February 2020 in Review
What does it take to move technology from lab to launch? Startups participating in Luminate are getting first-hand knowledge in their second month of the accelerator program. For those contemplating taking the journey, Managing Director, Dr. Sujatha Ramanujan, provided an excellent overview of the four components of a healthy startup in the latest edition of Photonics Focus.
Download the complete issue here and look for Dr. Ramanujan’s article on page 6.
What to Consider When Developing an IP Strategy
Dr. Darius Sankey shared a new strategic framework for thinking about managing innovation
In month two at the accelerator, Luminate cohort III teams met with Darius Sankey, PhD, General Partner at Moore Ventures, former President of Ocean Tomo China, and current Luminate board member and mentor. Darius provided feedback on each company’s patents and gave them the crash-course version of the class he teaches as an adjunct professor at the Rady School of Management – University of California, San Diego.
“What you have to figure out is, are you a piece of the whole system? Or are you the whole system? Usually you’re solving one piece of a bigger puzzle,” says Darius.
One reason many startups fail is the amount of money required for sales and marketing to build enough revenue for an IPO. Darius urged startups to focus instead on their patent portfolio and identifying the gaps they can fill with their technology, weighing the option of licensing over building an entire company if it makes sense. The market is there to buy IP.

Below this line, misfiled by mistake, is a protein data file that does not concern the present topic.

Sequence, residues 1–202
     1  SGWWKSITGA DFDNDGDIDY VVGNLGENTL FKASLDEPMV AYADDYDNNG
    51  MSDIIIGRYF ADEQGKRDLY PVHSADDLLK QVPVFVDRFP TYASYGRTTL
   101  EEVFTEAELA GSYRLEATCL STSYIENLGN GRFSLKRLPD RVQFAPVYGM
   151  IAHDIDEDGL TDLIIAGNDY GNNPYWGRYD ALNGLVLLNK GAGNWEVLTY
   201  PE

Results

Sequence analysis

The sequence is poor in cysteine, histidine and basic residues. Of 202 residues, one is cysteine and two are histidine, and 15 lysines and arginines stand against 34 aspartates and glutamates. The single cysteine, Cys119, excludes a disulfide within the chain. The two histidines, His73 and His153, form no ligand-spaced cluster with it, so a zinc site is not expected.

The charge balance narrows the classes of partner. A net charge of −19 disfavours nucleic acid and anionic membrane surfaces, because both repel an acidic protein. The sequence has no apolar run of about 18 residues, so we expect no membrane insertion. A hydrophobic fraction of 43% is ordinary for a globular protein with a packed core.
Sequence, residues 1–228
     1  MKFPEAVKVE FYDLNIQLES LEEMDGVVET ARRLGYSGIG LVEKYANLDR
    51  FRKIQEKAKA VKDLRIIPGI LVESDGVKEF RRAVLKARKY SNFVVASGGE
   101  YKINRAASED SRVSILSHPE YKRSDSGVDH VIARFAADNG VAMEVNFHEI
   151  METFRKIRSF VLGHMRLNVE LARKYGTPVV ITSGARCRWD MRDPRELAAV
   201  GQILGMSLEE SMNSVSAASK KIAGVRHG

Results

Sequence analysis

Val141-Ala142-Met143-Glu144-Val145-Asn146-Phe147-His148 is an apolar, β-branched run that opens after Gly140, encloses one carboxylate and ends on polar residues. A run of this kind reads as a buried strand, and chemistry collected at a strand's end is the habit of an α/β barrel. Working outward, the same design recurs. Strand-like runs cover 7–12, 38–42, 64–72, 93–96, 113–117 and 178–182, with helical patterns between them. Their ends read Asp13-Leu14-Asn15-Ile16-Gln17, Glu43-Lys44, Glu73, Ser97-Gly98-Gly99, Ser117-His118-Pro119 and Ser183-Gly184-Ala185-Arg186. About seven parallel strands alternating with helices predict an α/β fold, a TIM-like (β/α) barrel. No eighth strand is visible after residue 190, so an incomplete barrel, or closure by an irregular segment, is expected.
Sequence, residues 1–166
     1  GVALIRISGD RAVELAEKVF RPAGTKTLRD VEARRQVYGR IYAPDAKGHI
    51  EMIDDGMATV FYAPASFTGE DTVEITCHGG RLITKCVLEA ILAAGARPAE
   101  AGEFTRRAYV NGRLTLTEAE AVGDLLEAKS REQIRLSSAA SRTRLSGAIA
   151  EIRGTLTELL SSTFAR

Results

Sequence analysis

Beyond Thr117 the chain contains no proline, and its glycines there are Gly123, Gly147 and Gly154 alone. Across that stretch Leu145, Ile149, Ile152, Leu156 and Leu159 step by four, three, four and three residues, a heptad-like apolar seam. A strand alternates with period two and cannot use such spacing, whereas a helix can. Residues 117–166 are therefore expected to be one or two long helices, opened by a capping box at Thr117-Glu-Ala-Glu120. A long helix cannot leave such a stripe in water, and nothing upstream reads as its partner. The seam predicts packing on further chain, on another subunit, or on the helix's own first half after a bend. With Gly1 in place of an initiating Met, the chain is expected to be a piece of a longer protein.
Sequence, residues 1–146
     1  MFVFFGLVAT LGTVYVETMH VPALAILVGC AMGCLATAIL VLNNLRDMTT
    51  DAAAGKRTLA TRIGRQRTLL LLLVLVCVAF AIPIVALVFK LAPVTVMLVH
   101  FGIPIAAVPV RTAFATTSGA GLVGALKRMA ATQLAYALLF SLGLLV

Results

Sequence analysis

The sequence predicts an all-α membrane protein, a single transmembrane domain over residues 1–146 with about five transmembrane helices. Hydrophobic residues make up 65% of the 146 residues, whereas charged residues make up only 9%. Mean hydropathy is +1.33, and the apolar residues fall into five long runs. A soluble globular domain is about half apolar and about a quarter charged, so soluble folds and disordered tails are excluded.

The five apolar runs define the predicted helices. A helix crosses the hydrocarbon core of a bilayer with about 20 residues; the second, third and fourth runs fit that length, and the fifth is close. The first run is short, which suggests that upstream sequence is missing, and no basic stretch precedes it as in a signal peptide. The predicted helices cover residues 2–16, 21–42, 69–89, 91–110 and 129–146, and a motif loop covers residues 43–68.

“If you patent what’s important in the market, even if you fail, you’re going to add value.”
Other key takeaways from Darius:
- The most important patent is the earliest patent. Succeeding in today’s competitive landscape requires looking way beyond the present. Think about patents in the beginning, even as you bring your ideas to market for testing.
- All “jobs,” have multiple steps, and your idea is often just one of them. Understand where your IP fits in the bigger picture, and if you’re solving a problem that is both important and not otherwise satisfied.
- Turn customer input into innovation. Darius recommends the book, What Customers Want: Using Outcome-Driven Innovation to Create Breakthrough Products and Services by Anthony Ulwick.
Luminate startups also attended workshops on:
- Business case modeling with finance and strategy consultant, Julie Marcellus, MBA
- Employment law and New York State policies with HR Works
- Corporate structure and tax considerations with Jason Klimek, Senior Associate at Boylan Code
- Marketing and sales models for scalable growth with Michele Nichols, President of Launch Team Inc.
COHORT III SPOTLIGHTS
The number of solar power plants is increasing on a global scale, but the actual incoming light does not match what is best for solar panels. There’s room for much greater efficiency and more energy output. We spoke with Founder, President, and CEO of SunDensity, Nish Sonwalkar, ScD, MIT, about his company’s groundbreaking technology that’s helping save the planet by enhancing clean energy output from solar panels.
Who is the target audience for SunDensity’s solution?
NS: Our patent-pending Photonic Smart Coating (PSC) improves the efficiency of opto-electronic devices by enhancing and shaping the spectrum of photons. This groundbreaking technology can be applied in many areas of photonics, like architectural glass and infra-red and digital cameras, but our primary target audience now is utility scale solar power producers. The number of solar power plants in the United States alone is growing at a rate of 30% per year, and we can enhance the energy output of solar panels by 20% with our Photonic Smart Coating.
What makes SunDensity stand out from competitive offerings?